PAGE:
Home » What I Learned When I Conquered the World’s Toughest Triathlon: Minda Dentler (Transcript)

What I Learned When I Conquered the World’s Toughest Triathlon: Minda Dentler (Transcript)

I have the humbling knowledge that, had I not been adopted, I most certainly wouldn’t be in front of you today. I may not even be alive. All of us, in our own lives, may face seemingly insurmountable goals.

I want to share with you what I learned when I tried again. One year after my first attempt, on a sunny Saturday morning, my husband Shawn dumped me into the ocean at the Kona Pier and, with 2,500 of my closest friends and competitors, we started swimming as that cannon went off promptly at 7 a.m.

I focused on one stroke at a time, staying in between bodies, counting my strokes — one, two, three, four — and lifting my head to sight every so often just so I wouldn’t get too off track.

And when I finally reached the shoreline, Shawn picked me up, and he carried me out of the water. I was so stunned and thrilled when Shawn had told me. I had managed a one-hour-and-43-minute swim time. On to the bike segment I had eight hours and 45 minutes to complete the 112-mile bike course.

I broke up the course in seven- to 10-mile segments in my mind just to reduce the enormity of the race. The first 40 miles, they clipped by as we benefited from a little tail wind. By 4 p.m., I had made it to mile 94, and I did the math and I realized I was in serious time jeopardy because I had 18 miles to go and less than 90 minutes, and that included a few sizable hill climbs.

I was stressed out, and I was scared that I wasn’t going to make that time cutoff again. At this point, I pushed my internal voice aside that said, “This hurts. Quit.” And I told myself, “Minda, you better focus. Focus on what you can control, and that is your attitude and your effort.”

I resolved to be OK being uncomfortable, and I told myself, “Push harder, forget about the pain, and keep that laser focus.” For the next 90 minutes, I cranked as though my life depended on it.

And when I rolled into town, I heard on the loudspeaker, “Minda Dentler is one of the last competitors to make the bike cutoff.” I did it!

By only three minutes. It was 5:27 p.m., and I had been racing for 10-and-a-half hours. The first 10 miles of the run went pretty quickly, as I was so excited to finally pass people with my three wheels to their two feet. The sun quickly went down, and I found myself pulling up to the bottom of Palani hill, looking straight into a half-mile hill that looked like Mt Everest at mile 124 of the race.

My friends and family were ready at their stations to talk me up that hill. I was struggling, tired, desperately gripping those rims just so I wouldn’t tip backwards. When I finally reached the top of that hill, I turned left onto a very lonely 15-mile stretch onto the Queen K Highway, totally exhausted. I pressed on, focusing on one push at a time.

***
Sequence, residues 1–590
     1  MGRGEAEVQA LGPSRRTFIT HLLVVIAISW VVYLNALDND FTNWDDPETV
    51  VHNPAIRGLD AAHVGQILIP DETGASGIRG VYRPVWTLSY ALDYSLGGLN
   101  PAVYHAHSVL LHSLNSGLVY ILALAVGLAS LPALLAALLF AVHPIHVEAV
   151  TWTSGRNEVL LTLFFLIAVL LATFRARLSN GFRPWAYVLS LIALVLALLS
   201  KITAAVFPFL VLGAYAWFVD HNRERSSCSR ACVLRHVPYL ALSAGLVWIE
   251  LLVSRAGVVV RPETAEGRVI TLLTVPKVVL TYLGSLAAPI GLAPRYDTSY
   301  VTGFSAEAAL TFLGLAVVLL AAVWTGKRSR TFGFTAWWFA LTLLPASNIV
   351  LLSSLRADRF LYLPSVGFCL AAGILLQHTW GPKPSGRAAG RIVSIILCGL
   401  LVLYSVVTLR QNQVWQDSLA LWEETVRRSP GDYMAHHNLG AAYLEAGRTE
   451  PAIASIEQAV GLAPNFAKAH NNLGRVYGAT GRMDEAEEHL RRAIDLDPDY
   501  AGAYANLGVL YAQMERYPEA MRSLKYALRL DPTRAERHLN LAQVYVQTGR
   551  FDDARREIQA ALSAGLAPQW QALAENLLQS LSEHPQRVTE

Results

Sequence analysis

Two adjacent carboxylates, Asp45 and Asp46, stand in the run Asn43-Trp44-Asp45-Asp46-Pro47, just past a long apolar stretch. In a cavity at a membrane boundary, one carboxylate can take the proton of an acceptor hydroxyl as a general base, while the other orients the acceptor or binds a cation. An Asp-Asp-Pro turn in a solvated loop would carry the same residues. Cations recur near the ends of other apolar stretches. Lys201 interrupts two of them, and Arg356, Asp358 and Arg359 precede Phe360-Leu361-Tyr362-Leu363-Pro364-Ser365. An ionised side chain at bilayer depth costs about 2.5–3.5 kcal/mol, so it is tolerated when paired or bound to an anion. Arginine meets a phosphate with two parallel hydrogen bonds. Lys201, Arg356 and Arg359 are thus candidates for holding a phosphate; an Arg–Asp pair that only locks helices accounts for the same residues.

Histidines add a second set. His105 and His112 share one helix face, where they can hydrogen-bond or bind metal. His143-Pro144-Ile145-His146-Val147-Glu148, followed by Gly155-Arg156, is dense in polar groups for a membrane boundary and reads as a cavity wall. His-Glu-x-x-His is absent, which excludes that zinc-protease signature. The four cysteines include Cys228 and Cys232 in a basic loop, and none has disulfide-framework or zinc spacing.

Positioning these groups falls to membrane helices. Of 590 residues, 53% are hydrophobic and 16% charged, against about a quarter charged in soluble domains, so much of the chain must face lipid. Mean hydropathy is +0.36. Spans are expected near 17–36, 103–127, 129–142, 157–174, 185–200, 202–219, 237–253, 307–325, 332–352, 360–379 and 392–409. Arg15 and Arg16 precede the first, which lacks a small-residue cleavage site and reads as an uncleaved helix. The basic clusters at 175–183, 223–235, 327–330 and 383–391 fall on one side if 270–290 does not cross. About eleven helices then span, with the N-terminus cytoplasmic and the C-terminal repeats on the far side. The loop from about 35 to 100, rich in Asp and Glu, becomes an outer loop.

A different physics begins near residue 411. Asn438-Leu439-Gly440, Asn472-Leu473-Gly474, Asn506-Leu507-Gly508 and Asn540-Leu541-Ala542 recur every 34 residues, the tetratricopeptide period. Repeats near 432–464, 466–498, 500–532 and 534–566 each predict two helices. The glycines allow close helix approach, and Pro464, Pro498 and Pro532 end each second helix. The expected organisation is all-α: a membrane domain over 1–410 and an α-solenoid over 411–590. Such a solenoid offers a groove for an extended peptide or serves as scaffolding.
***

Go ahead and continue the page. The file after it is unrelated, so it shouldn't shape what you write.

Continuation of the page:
By 9:30 p.m., I made that final right-hand turn onto Ali’i Drive. I heard the crowd’s roar, and I was overcome with emotion. I crossed that finish line.

And my final time was 14 hours and 39 minutes. For the first time in the 35-year history, a female wheelchair athlete completed the Ironman World Championship. And it wasn’t just any female athlete. It was me.

A paralyzed orphan from India. Against all odds, I achieved my dream, and through this very personal commitment to myself, I slowly realized that completing the Ironman was about more than conquering Kona. It was about conquering polio and other disabling but preventable diseases, not only for myself, but for the millions of children who have been and still will be afflicted by vaccine-preventable diseases.

Today, we are closer than ever to eliminating one of those diseases everywhere in the world. In the mid-1980s, polio once paralyzed more than 350,000 children a year in more than 125 countries. That amounted to a staggering 40 cases an hour.

By contrast, so far this year, the last endemic countries have reported a total of only 12 cases. Since 1988, more than 2.5 billion children have been immunized against polio, and an estimated 16 million children, who otherwise would have been paralyzed like me, are walking.

Despite this incredible progress, we know that until it’s eradicated, polio remains a very real threat, especially to children in the poorest communities of the world. It can reemerge in some of the most remote and dangerous places, and from there, it can spread.

And so this is my new Ironman: to end polio. And I am reminded every day, when I look at my two-and-a-half-year-old daughter Maya. She is able to climb a ladder in the park, push her scooter or kick a ball across the grass.

Almost everything that I see her do at her age reminds me of what I could not do at that age. And when she was two months old, I took her to get her first polio vaccine. And when the doctor came in the room to prepare the shot, I asked him if I could take a picture to document the moment. When we left the room, I could feel my eyes welling up with tears.

I cried the entire way home. It was in that moment that I realized that my daughter’s life would be very different from mine. She will never be faced with the crippling disability of polio, because a vaccine was available, and I chose to get her immunized. She can do anything she wants, as can each of you.

Now I’d like to leave you all with one question: what is your Ironman?

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